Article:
Examination of the archaeological evidence for the expression of identity in later European prehistory provides a new and promising approach to understanding change in this period. New views of the role of material culture in the communication of meanings, of the nature of identity, and of agency in the past provide a useful framework for approaching the evidence. Analysis of patterns of sameness and difference in style and decoration of manufactured objects indicates how people used their material culture to structure and to communicate their identities-on the level of the individual, of groups such as families and residential communities, and of larger entities commonly referred to as ethnic groups. This approach offers insights that complement social and economic models of change in later prehistory.
Bibliographical noteFunding Information:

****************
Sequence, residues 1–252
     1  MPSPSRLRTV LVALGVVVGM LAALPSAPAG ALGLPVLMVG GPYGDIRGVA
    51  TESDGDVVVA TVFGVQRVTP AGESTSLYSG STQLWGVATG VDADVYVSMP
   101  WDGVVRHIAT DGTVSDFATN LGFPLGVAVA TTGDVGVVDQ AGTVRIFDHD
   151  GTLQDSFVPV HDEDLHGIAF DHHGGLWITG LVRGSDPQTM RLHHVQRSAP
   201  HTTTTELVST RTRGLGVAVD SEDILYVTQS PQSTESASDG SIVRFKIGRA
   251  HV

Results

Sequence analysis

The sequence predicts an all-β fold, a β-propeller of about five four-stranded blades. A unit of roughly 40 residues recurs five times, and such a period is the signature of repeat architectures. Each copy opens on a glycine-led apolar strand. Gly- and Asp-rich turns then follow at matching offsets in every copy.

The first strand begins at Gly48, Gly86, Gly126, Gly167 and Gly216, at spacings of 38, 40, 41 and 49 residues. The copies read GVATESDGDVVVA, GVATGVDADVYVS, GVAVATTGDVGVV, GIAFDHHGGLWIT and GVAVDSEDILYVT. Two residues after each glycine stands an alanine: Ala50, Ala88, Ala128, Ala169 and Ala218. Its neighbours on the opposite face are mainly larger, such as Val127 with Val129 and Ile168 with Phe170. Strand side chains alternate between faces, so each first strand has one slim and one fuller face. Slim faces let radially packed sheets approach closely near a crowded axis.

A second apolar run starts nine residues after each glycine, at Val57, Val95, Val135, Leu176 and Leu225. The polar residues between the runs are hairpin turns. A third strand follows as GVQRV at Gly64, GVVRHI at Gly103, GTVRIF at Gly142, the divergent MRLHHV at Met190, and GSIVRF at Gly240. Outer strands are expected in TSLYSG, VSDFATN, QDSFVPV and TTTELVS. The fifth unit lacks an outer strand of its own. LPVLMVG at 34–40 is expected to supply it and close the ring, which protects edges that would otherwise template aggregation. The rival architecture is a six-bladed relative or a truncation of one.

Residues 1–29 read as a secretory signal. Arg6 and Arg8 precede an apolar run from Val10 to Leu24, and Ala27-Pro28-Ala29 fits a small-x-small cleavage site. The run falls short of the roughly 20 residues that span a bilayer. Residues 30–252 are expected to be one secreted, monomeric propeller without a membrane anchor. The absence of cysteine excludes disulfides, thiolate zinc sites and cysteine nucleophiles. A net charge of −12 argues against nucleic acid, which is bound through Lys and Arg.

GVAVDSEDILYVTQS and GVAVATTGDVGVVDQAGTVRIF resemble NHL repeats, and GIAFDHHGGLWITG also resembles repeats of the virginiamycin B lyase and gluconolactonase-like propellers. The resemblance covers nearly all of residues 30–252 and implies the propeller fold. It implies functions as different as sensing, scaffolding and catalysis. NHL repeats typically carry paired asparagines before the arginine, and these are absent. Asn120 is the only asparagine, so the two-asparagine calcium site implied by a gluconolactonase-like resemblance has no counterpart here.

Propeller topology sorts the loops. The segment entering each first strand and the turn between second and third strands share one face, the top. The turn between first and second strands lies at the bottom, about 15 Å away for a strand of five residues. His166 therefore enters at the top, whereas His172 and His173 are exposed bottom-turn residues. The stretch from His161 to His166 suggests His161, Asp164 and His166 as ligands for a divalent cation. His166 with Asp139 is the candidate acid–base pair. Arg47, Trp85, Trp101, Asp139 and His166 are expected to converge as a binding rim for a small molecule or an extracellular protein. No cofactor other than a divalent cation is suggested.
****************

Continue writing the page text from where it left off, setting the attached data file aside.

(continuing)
Much of the research for this paper was undertaken with the support of the National Science Foundation, Grant SBR-9506958; and a Graduate School Fellowship, a McKnight Summer Fellowship, travel grants from the McKnight Foundation and the Institute of International Studies and Programs, and the Department of Anthropology, all of the University of Minnesota. I thank all of these institutions for their support. The following individuals provided important information and bibliographic materials that helped me in the preparation of the paper: Bernard Bachrach, Minneapolis; Karl Bohm, Bogen; Ingrid Burger-Segl, Kelheim; W. Andrew Collins, Minneapolis; Ann and James Coone, Oberursel; Michael Dietler, Chicago; Bernd Engelhardt, Landshut; Otto-Herman Frey, Marburg; Ulla Lund Hansen, Copenhagen; Jurgen Hoika, Schleswig; Hans-Eckart Joachim, Bonn; Zbigniew Kobylinski, Warsaw; Jes Martens, Lund; Matthew Murray, Mankato; Misha Penn, Minneapolis; Johannes Prammer, Straubing; Michael M. Rind, Kelheim; Nico Roymans, Amsterdam; Susanne Sievers, Frankfurt; and Willem Willems, Amersfoort. For permission to reproduce figures I thank the Bayerisches Landesamt fur Denkmalpflege, Munich; Otto-Herman Frey, Marburg; Oxford University Press, Oxford; the Romisch-Germanische Kommission des Deutschen Archaologischen Insti-tuts, Frankfurt; the Romisch-Germanisches Zentralmuseum, Mainz; and Franz Steiner Verlag, Stuttgart.